Rights versus Fortress Model of Conservation

 

The most effective way to conserve biodiversity and wildlife is a hotly debated topic. Although there are many models of conservation programs, the majority of them can be placed into two categories, the fortress model of conservation and rights based conservation programs. In the presentation given at the mid-term conference, both forms were compared and the benefits and drawbacks of each one were examined.

The fortress model of conservation focuses solely on protecting wildlife and its habitat from contact with humans. Under this model, conservation programs seek to remove humans completely from an ecosystem in order to protect it. Proponents of the fortress model believe that conservation goals must be held above human needs, and that human wellbeing must sometimes be sacrificed in order to protect nature. The fortress model also operates under the assumption that nature should be protected for its intrinsic value, not because of its value to humans.

A prominent example of fortress model of conservation given in the presentation was the creation of Yellowstone National Park. In order to create the park, tribes and families that had been living on parkland for generations were removed. Additionally, future development and resource use in the park were prohibited.

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Fortress model conservation programs are often very effective at protecting wildlife and maintaining biodiversity. Where they falter, however, is in their inability to meet the needs of people. When fortress model programs are put into effect, the rights of people living in the areas covered by the program are often ignored. Indigenous people are forced off their land, and their traditional rights to resource use are lost. This is particularly problematic as the environmental concerns that lead to the creation of protected areas are often the result of actions from outside actors, not the people living within the protected area.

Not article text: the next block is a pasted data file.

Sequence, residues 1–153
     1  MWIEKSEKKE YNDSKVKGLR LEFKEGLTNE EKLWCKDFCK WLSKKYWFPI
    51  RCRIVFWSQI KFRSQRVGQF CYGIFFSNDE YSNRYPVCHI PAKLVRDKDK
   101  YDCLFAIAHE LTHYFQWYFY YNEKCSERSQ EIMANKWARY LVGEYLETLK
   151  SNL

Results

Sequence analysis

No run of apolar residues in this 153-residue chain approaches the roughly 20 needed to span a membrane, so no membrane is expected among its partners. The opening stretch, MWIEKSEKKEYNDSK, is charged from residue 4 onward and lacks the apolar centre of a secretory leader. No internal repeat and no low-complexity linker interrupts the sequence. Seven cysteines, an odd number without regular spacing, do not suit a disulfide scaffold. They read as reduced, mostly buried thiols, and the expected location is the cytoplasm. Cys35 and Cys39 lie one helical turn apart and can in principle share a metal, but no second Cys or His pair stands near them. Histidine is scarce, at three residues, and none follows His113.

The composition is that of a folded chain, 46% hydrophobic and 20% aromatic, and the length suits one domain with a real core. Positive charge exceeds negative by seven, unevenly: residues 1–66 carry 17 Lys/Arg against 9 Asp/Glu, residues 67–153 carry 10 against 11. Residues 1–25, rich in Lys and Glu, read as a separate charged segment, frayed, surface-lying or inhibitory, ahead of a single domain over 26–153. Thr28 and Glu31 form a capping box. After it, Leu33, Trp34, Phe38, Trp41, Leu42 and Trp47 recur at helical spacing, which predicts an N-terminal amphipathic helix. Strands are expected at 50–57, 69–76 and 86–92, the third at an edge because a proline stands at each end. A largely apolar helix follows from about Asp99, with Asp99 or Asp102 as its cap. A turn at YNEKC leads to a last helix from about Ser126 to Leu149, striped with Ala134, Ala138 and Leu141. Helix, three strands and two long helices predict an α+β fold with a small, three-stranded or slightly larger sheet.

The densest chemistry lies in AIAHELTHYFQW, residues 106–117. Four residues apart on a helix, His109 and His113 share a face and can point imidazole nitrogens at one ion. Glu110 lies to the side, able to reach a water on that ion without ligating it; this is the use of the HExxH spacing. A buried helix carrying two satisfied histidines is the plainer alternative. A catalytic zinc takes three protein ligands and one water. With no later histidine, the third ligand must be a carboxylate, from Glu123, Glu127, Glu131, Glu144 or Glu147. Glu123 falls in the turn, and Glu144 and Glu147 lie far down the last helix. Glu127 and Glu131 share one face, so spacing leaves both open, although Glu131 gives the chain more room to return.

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The second model of conservation discussed was rights based conservation efforts. This model focuses on community based conservation programs that maintain the rights of indigenous peoples. Rather than creating protected areas and excluding human activity, areas of conservation concern are managed as resources for historic resources users.

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In rights based conservation schemes, local knowledge of conservation issues is valued and resources are managed in the way that indigenous people have always used them. The idea behind these conservation programs is that if local people continue to see value in the ecosystems around them, they will do their best to protect them and use resources in a sustainable manner.

By Joseph Friedland

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